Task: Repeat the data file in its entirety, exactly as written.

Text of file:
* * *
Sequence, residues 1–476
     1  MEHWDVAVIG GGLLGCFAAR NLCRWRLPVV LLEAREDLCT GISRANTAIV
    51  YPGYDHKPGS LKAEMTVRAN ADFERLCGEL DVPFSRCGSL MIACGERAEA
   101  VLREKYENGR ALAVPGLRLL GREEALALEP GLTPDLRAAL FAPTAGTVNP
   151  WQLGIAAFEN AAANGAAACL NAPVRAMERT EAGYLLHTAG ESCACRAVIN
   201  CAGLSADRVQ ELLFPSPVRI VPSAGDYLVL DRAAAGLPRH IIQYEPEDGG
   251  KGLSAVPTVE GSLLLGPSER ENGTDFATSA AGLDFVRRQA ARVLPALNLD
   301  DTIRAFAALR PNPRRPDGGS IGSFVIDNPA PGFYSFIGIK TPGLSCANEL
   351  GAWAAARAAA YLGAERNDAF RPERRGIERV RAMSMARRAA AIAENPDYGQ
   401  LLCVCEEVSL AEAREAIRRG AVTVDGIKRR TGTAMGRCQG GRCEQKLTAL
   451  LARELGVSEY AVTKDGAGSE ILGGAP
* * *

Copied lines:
Sequence, residues 1–476
     1  MEHWDVAVIG GGLLGCFAAR NLCRWRLPVV LLEAREDLCT GISRANTAIV
    51  YPGYDHKPGS LKAEMTVRAN ADFERLCGEL DVPFSRCGSL MIACGERAEA
   101  VLREKYENGR ALAVPGLRLL GREEALALEP GLTPDLRAAL FAPTAGTVNP
   151  WQLGIAAFEN AAANGAAACL NAPVRAMERT EAGYLLHTAG ESCACRAVIN
   201  CAGLSADRVQ ELLFPSPVRI VPSAGDYLVL DRAAAGLPRH IIQYEPEDGG
   251  KGLSAVPTVE GSLLLGPSER ENGTDFATSA AGLDFVRRQA ARVLPALNLD
   301  DTIRAFAALR PNPRRPDGGS IGSFVIDNPA PGFYSFIGIK TPGLSCANEL
   351  GAWAAARAAA YLGAERNDAF RPERRGIERV RAMSMARRAA AIAENPDYGQ
   401  LLCVCEEVSL AEAREAIRRG AVTVDGIKRR TGTAMGRCQG GRCEQKLTAL
   451  LARELGVSEY AVTKDGAGSE ILGGAP